If you want to get on the filter, shoot me a reply. Since I'll be posting again from the beginning, you don't have to have read it already.
Kini has always abided by her family's rule: work hard and keep your head down. It's the only way to survive when your mountain village straddles the border between hostile provinces. When an injured mountain-spirit is threatened, Kini is the only one willing to protect it. She'll have to navigate between treacherous monks and suspicious nobles, in a province on the brink of war, if she's to save a lost mountain-spirit who may not even be what it seems.
First chapter is here.
First chapter, y'all, hot off the keyboard.
The lion-dogs were playing in the clearing when Kini arrived at the shrine. The two rock-gray puppies tumbled through the drifts of early autumn leaves, more intent on chasing a red-winged flit than paying Kini any mind. Their thick curly manes were tangled with sticks and bits of leaves, and their pink tongues lolled. They weren’t much higher than her knees, about the size of small stone guardians.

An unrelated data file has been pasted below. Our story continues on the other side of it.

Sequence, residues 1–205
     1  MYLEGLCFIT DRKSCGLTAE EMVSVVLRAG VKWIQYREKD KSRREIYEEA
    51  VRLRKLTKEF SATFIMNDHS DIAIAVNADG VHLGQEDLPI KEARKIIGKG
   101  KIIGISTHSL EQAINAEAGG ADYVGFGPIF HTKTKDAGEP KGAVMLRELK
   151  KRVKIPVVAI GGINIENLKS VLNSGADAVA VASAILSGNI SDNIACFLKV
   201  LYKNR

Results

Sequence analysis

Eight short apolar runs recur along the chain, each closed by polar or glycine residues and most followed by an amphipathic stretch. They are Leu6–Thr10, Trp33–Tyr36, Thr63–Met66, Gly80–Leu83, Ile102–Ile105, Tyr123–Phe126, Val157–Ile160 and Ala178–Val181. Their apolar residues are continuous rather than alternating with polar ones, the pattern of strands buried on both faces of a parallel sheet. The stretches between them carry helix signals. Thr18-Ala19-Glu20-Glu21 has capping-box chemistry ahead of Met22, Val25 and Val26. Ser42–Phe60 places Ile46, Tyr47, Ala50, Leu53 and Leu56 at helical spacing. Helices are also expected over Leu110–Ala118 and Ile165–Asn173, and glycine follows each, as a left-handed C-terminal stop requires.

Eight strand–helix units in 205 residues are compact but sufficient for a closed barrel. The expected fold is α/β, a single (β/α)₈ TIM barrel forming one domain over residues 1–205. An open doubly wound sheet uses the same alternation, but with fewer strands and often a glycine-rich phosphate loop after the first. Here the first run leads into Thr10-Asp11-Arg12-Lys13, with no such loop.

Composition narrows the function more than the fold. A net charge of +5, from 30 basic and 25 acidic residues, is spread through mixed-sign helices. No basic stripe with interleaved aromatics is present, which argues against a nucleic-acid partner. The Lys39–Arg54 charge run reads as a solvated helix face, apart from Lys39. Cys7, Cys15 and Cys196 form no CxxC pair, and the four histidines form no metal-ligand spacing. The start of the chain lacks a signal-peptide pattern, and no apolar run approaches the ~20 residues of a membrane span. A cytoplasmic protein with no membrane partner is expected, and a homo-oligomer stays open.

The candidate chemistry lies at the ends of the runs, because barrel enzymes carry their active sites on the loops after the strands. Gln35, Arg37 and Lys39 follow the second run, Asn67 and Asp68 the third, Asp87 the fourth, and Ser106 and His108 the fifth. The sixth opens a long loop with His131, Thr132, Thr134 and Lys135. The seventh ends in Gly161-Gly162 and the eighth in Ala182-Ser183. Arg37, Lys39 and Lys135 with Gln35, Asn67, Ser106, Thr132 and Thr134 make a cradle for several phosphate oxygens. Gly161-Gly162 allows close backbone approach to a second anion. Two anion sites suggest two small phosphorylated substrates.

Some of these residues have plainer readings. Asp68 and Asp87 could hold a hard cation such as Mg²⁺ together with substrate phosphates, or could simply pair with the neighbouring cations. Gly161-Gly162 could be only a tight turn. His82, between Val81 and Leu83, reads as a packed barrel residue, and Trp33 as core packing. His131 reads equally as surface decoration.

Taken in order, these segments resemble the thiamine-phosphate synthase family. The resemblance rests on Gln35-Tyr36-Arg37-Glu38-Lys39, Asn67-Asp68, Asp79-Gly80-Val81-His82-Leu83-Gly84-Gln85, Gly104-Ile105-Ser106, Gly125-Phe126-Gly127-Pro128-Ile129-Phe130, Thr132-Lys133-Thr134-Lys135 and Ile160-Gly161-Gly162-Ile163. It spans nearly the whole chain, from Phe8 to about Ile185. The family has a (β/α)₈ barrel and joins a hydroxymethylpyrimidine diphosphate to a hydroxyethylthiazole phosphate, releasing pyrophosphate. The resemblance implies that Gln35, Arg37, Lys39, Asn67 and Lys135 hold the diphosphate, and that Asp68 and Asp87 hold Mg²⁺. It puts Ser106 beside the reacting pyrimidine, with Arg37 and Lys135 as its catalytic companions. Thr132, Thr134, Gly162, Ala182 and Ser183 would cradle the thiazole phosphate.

That seemed fitting. It was a rather small shrine, after all.
Well, then. Her sister had said if the dogs were around, then the huokei would be, too. Kini shuffled through the rain-damp leaves, kicking them aside to find the stepping stones that marked the proper path. The shrine itself wasn't much bigger than the moss-eaten idol it housed, and it listed precariously to one side. Its roof-shingles were green from weeds taken root, and the carved doors hung askew on their rotting wooden hinges.
Behind and to one side lay the monk-house, now a jumble of rotting wood and broken roof-tiles. In the clearing's other corner stood the mountain-god’s home, a fancy term for little more than a hut on stilts. In Sizija, it was a mansion in its own right, three rooms only ever seen by the mountain-god and its attendants. Here, it was one room, maybe not even big enough for one person to sleep. No wonder the mountain-god had been so happy to move to the big shrine.
Huokei were shy, preferred solitude, and would play nasty tricks if they felt disrespected, but this huokei had been injured. The big shrine at Sizija would've given it proper hospitality, but that was two miles away. The two rooms in their house were already crammed with five children and three adults, so that wasn't an option, either. The only choice left was this forgotten shrine-yard, with the benefit that it was closer to where Sozu found the huokei. To Kini's mind, though, the shrine's solitude lay solely in being abandoned. She wasn't sure it qualified as being respectful to offer what no one else wanted.